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Tryptophan hydroxylase gene polymorphism in patients with obsessive-compulsive disorder

Sevda Korkmaz, Ebru Önalan, Hüseyin Yüce, Murad Atmaca.


Objective: There is limited number of studies on the effects of tryptophan hydroxylase-1 (TPH-1) A218C gene polymorphism on obsessive-compulsive disorder (OCD) etiology. This study aims to scrutinize the role of TPH-1 A218C gene polymorphism on OCD etiology. Methodology: Sixty patients diagnosed with OCD, applied to our clinic and fitting the study criteria were accepted as patient group. A group of 60 healthy individuals matching the patient group in age and gender were selected as the control group. In the study the Clinical Interview Scale Structured for DSM-IV Axis-I Disorders, Sociodemographic and Clinical Data Form, Yale-Brown Obsessive Compulsive Rating Scale (Y-BOCS) and Hamilton Depression Rating Scale were applied to participants initially. Consequently, they were classified into two groups of ‘responsive to therapy’ and ‘resistant to therapy’ based on their therapy histories and Y-BOCS points. For DNA isolation 300 μl blood samples were used in compliance with standard methods. Restriction Fragment Length Polymorphism method was used to evaluate A218C polymorphism in TPH-1 gene within the blood samples. Results: No significant difference was observed between patient and control groups related to TPH-1 genotypes. However, a significant increase was observed in AA genotype frequency for TPH-1 gene in the patient group resistant to therapy and in CC genotype frequency in the patient group responsive to therapy. The difference of the allele type ratios in this polymorphism between each patient group could be related to the response to therapy. To confirm the findings of the study, more research on the same gene polymorphisms is required with OCD patients in different societies.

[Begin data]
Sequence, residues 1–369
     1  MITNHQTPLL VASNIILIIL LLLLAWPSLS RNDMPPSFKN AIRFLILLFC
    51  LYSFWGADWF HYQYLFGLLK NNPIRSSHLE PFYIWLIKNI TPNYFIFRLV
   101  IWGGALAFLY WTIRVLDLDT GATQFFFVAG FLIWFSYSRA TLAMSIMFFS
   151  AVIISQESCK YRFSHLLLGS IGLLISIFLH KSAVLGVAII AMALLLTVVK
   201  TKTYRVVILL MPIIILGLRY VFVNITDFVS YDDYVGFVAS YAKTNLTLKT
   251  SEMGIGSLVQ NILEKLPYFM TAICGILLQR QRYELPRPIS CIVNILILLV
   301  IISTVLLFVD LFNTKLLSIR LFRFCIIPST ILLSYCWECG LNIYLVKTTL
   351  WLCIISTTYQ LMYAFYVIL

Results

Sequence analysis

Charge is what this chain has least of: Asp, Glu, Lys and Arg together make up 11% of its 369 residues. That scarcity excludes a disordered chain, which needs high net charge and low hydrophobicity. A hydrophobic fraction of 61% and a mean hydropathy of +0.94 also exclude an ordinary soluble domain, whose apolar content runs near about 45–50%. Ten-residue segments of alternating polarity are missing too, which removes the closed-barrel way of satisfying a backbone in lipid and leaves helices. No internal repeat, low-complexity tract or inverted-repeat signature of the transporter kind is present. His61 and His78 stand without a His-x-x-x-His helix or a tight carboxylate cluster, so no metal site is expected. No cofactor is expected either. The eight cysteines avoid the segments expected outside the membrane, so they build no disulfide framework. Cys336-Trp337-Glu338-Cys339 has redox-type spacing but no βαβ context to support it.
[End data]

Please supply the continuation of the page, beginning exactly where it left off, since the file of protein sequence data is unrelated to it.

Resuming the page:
Key words: obsessive compulsive disorder, tryptophan hydroxylase gene, polymorphism.

Article Language: Turkish English

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